Always wanted to make one of these..finally got round to it. I went for: coir on top of lava rock, planted with Fittonia albivenis, Orbea variegata, one Davallia fern and some spanish moss.
Photo by Roo Lewis.
Coming in from the garden this evening I was amazed to find a stag beetle upside down on my shed desk, legs in the air and struggling to right itself. Though it does suggest I probably ought to clean the place a little more often, I’m pretty pleased to have been sharing dwellings with an endangered species.
Having said this, I’ve no doubt the monstrous beetle wandered in at some point fairly recently; most likely from the large wood pile just by the shed. I stacked the logs during my first Winter at the garden when erecting my firewood log-store, the idea being to slowly work through the wood (left from the initial tree-thinning during the garden landscaping), splitting it to dry out. As it happened I vastly misjudged the amount of wood to get through, and the store filled up before I’d even got through 10% of the logs. Therefore the pile has remained more or less left to its own devices for 3 years.
The other week I saw the tail of a grass snake slip away down through a gap in the stumps, and last year hornets chose a hollow within the logs for their nest. Wrens dart about the pile daily; I often watch them from my desk, speeding from log to log, scouring for insects. This year a pair made their nest at the base of the stack, under a discarded railway sleeper. In fact for such a dim and seemingly stark element in the garden, there’s no greater source of diverse wildlife on the property; a rival even (in conservational terms) perhaps to the pond, although it does support a completely different range of habitat. So I suppose my message to all wildlife enthusiasts and the conservationally inclined with even the smallest of gardens would be stack yourselves some logs. If you’ve no room for a pond, there’s an equally important and engaging environment to be created, and one that requires far less effort too.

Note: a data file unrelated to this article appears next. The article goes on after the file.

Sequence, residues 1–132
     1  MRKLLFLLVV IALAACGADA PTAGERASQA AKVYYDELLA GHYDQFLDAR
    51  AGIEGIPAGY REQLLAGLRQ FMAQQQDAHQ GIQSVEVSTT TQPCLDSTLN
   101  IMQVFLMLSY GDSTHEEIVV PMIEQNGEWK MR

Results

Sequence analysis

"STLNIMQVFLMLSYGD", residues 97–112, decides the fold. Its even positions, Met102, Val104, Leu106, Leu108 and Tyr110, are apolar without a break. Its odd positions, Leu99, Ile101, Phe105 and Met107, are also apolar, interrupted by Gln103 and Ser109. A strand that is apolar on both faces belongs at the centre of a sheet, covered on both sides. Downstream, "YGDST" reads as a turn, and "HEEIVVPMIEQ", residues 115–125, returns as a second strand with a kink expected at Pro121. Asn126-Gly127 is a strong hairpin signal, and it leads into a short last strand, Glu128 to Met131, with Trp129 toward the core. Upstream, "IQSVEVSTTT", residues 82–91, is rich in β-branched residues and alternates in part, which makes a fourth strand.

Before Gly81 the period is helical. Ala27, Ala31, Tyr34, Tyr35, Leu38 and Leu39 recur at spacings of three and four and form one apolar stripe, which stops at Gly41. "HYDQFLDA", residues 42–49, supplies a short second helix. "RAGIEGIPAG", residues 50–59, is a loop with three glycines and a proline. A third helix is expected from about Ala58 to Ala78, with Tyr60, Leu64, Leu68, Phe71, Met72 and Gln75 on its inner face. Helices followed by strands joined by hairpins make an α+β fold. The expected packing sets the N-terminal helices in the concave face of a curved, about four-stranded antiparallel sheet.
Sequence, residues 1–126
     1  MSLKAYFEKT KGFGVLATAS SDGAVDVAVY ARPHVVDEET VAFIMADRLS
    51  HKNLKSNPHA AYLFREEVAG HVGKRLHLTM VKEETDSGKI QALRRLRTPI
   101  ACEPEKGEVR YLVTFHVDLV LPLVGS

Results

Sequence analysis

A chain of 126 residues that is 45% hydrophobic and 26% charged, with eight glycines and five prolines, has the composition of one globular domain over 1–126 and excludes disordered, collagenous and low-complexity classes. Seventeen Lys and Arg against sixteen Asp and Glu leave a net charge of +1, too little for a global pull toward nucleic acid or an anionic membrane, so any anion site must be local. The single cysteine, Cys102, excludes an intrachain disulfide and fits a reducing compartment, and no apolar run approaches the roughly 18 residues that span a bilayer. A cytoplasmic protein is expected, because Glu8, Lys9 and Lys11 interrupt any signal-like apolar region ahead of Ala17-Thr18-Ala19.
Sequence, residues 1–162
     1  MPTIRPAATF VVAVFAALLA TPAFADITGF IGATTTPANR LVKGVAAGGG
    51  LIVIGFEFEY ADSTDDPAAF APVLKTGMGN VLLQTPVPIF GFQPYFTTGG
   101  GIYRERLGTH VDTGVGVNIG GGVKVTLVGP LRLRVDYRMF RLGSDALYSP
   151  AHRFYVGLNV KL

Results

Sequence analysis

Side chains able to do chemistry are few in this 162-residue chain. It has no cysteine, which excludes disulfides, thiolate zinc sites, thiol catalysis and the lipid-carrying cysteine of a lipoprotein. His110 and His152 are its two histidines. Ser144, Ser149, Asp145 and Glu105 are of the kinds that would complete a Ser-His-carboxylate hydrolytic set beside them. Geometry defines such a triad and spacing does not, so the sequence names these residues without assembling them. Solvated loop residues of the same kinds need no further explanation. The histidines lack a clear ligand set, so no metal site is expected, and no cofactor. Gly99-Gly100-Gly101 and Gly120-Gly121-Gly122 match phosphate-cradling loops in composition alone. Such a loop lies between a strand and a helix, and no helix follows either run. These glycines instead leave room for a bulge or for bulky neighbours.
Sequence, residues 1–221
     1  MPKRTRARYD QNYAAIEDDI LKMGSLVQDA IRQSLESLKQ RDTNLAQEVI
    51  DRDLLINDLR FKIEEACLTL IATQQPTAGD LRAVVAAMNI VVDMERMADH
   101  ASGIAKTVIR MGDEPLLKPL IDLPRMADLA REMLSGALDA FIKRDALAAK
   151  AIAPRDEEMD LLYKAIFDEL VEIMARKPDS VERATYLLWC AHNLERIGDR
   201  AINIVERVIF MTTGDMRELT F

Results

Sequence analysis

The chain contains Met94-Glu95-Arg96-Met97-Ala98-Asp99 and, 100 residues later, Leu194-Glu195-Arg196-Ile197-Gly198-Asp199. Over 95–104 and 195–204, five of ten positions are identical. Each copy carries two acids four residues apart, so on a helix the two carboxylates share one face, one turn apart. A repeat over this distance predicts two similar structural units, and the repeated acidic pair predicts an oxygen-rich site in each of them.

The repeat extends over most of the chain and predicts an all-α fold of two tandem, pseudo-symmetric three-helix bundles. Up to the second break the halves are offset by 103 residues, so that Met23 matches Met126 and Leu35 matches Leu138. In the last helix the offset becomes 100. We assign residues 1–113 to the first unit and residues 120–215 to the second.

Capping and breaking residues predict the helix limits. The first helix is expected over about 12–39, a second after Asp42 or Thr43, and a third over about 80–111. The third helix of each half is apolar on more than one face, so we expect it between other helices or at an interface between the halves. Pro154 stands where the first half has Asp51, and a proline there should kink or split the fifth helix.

Today feels like Spring. There’s a haze over the sky and all around birds are calling and moving as if all of a sudden taking nest building seriously. There’s a woodpecker tapping furiously in one of the robinias fifty yards away and I’m in a t-shirt. This time last year the magnolias had finished, every tulip was either in full show or going-over, and the garden was fast accelerating into mid spring vigour. This year however, the colour is still yet to arrive. No tulips out and even the early Iris’ haven’t finished flowering yet. Just shows how dramatically our climate can vary. Never been so thankful for hellebores before!
Although invariably a favourite of every other gardener, Cerinthe has only more recently become a plant I enjoy growing. It takes quite a while to get going and only really fills it’s allotted space by early Autumn, but once it has, the long drooping stems pay back their return in abundance – and make an ideal filler in a cut flower mix. I saved a handful of the last stems before composting the now enormous bulk of Medusa-like clumps. The foliage is very similar to that of the Sedums, the small flowers like comfrey or Pulmonaria.